In 60 to 70 percent of patients with blockage, less invasive treatments such as angioplasty, in which a clogged artery is opened by inserting a balloon, are indicated, according to Valentin Fuster, director of the cardiovascular institute at Mount Sinai School of Medicine in New York.
Clinton's office supplied few details about his medical care.
Heart experts not involved in his treatment said he would be an excellent candidate for either of the two widely used types of heart bypass surgeries. Because he is a relatively young patient, the risks of complications are low, and patients typically recover in about a month. Both techniques have now become so routine that one surgeon described the operations as "fancy plumbing."
"If your water supply is blocked between the water main and your kitchen tap, when you open your faucet you may get a reduced water flow," said Jeremy Ruskin, director of the cardiac arrhythmia service at Massachusetts General Hospital. "One way to deal with that is to bypass the blockage -- you put a pipe near the main and run it into the point where the old pipe is blocked."
The surgery shunts blood around blocked arteries that feed the heart muscle with blood and oxygen. In the traditional technique, surgeons stop the heart from beating and pump blood through the body with a heart-lung machine. The new technique is called beating-heart surgery -- in which arterial bypasses are constructed even as the heart continues to beat.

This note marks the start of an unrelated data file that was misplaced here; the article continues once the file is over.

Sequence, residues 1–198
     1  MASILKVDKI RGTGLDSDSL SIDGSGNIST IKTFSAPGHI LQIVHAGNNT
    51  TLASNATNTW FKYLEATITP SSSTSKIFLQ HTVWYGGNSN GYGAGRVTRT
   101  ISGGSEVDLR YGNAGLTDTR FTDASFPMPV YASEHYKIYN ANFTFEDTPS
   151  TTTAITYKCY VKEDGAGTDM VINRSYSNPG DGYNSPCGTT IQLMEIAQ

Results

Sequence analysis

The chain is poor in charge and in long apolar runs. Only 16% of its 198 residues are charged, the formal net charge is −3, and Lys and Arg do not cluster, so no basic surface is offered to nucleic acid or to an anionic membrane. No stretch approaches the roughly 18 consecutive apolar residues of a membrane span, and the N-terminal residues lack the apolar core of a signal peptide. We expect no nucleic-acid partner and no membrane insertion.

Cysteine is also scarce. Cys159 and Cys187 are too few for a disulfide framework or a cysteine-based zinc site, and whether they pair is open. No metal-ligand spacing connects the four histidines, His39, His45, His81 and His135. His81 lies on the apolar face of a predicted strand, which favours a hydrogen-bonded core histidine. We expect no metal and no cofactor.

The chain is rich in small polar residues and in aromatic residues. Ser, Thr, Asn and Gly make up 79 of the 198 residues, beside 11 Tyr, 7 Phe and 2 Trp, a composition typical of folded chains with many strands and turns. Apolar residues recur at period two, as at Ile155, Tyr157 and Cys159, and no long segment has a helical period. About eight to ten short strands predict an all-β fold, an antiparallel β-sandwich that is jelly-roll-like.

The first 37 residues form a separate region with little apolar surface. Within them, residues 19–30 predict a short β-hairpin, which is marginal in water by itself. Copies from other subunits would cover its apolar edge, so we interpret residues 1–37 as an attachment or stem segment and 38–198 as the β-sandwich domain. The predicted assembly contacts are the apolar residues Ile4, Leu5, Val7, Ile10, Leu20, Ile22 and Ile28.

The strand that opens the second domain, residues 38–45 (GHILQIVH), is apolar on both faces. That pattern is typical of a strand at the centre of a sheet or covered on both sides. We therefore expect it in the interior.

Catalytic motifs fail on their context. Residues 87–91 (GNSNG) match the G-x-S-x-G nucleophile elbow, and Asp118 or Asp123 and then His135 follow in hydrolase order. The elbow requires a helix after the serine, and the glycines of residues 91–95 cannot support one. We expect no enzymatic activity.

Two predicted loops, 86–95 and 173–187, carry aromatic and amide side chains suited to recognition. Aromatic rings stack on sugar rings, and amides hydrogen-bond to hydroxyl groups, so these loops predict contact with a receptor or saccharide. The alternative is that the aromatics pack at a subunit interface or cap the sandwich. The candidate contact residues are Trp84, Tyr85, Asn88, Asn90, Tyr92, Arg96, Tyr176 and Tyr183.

The benefits of beating-heart surgery appear to be most pronounced in older patients because it has a lower risk of stroke and fewer cognitive problems associated with it. Subtler benefits may exist among patients in Clinton's age group as well, said Paul Corso, chief of cardiac surgery at Washington Hospital Center, but the issue was still being studied.
Heart bypass surgeries are performed when one or more of the arteries feeding the heart are blocked or choked off by buildups of fatty plaque -- high cholesterol levels are the leading culprit. The chest pains that brought Clinton into the hospital appear to have developed abruptly, but the root causes of the problem are likely to be several years old: During his last physical before he left the White House, Clinton had a total cholesterol count of 233 and a "bad" cholesterol count of 177.
Corso said that figure could indicate danger for someone of Clinton's age and body profile. Doctors now recommend that patients aim for a total cholesterol of under 180 and bad cholesterol lower than 70.
Last night, Clinton acknowledged he needed "to keep my cholesterol down, keep my blood pressure down."
For someone in fairly good health who is not diabetic, the risk of death as a result of open-heart surgery is 1 to 2 percent, said Ramin Oskoui, a cardiologist at Washington Hospital Center.
Jim Kennedy, a spokesman for the former president, said Clinton took calls offering best wishes from President Bush and former president Gerald R. Ford.
Campaigning yesterday in West Allis, Wis., the president told supporters that Clinton "is in our thoughts and prayers" and that he wished the former president a "swift and speedy recovery."
Kerry, campaigning in Newark, Ohio, told a rally: "I want you to let a cheer out that he can hear all the way to New York."
Clinton invoked politics when discussing his health last night on television: "Let me just say this, Republicans are not the only people who want four more years here."